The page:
Even though Arcade games were around for a while before the first home systems came out, I didn't get to have the arcade experience until long after I had mastered the Odyssey and Atari. From what I've read, the games mostly showed up in bars at first, and being in elementary school at the time, I didn't frequent many bars. Eventually video game arcades started springing up everywhere - mostly in malls at first, although at the height of the craze I remember a used car dealership in my home town that was briefly transformed into an arcade, and even a five-and-dime store that opened a room in the back with a handful of cabinets.

But arcades back then were mostly seedy places (seems like most mall arcades today, even though they're smaller, less crowded and better lit than in the old days, still have that seedy vibe - why is that?). Anyway, my parents (by which I mean my Mom, since Dad rarely ever took us out shopping) weren't about to let their young kids venture in there.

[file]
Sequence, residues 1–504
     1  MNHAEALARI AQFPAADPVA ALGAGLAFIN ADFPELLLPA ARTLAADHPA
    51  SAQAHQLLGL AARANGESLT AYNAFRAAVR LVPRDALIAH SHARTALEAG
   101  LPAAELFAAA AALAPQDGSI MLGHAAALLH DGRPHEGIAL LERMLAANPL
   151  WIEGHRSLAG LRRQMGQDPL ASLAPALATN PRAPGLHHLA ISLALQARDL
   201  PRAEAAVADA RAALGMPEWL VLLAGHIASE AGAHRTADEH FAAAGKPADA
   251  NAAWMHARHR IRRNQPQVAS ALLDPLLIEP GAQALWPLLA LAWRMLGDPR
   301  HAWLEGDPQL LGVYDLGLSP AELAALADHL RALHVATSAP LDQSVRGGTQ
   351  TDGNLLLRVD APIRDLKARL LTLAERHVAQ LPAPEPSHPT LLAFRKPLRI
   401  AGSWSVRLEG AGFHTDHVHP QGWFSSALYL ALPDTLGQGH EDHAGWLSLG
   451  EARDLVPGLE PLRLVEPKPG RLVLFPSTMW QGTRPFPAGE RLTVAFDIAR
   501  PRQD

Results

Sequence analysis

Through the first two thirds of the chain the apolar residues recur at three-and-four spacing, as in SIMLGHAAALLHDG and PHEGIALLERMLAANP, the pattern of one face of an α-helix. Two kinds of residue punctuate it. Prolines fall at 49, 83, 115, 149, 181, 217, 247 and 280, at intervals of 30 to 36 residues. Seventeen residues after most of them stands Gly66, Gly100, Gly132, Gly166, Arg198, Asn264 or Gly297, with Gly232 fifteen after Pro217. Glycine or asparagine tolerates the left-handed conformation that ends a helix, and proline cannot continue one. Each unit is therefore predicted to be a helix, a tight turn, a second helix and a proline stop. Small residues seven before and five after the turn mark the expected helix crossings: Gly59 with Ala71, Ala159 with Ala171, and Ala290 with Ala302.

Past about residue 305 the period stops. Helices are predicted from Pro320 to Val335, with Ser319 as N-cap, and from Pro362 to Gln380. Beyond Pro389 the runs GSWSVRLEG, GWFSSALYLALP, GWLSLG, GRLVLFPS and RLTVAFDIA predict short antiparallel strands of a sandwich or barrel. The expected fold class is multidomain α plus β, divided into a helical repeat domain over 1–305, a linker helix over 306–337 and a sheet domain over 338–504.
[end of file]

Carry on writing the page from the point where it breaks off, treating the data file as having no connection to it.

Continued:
But eventually Mom figured out that she would have a much easier time shopping at the Park City mall in Lancaster, PA if she handed my brother and I a few dollars and dropped us off at the arcade. For the youngsters out there who are familiar with that mall and never had the pleasure of seeing the arcade in its prime - man, did you miss out. It was on the lower level - last time I was there, it was the location of a Kohl's department store. That space used to be taken up by an ice skating rink, a flea market and a massive arcade. It was dimly lit, incredibly noisy and had about a hundred or so game cabinets in it. It was heaven for a pre-teen boy with a handful of quarters. And speaking of seedy, there was also a two-screen theater in the same general area (I think it's an eyeglass shop now) where one screen showed "family" movies and the other showed pornos. Hard to believe such a thing could have existed in this sanatized day and age, but back in the late 70s anything went. We never told our parents this, but one time a gay guy tried to pick up my brother in the arcade. While he was in the middle of a game. We politely told the guy to get lost. Probably should have called the cops (by brother couldn't have been much older than 12 or 13 at the time).